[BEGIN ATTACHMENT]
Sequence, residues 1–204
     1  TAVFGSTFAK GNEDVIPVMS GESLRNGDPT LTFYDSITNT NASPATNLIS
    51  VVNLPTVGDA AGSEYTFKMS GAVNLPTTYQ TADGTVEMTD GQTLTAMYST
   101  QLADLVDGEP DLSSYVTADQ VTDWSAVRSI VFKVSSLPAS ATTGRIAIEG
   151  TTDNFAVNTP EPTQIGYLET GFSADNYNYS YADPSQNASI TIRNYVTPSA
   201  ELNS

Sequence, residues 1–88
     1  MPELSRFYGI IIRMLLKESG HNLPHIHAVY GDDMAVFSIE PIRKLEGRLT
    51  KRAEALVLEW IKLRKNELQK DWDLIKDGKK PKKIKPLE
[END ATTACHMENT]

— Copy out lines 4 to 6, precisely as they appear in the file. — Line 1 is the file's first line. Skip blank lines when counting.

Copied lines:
   101  QLADLVDGEP DLSSYVTADQ VTDWSAVRSI VFKVSSLPAS ATTGRIAIEG
   151  TTDNFAVNTP EPTQIGYLET GFSADNYNYS YADPSQNASI TIRNYVTPSA
   201  ELNS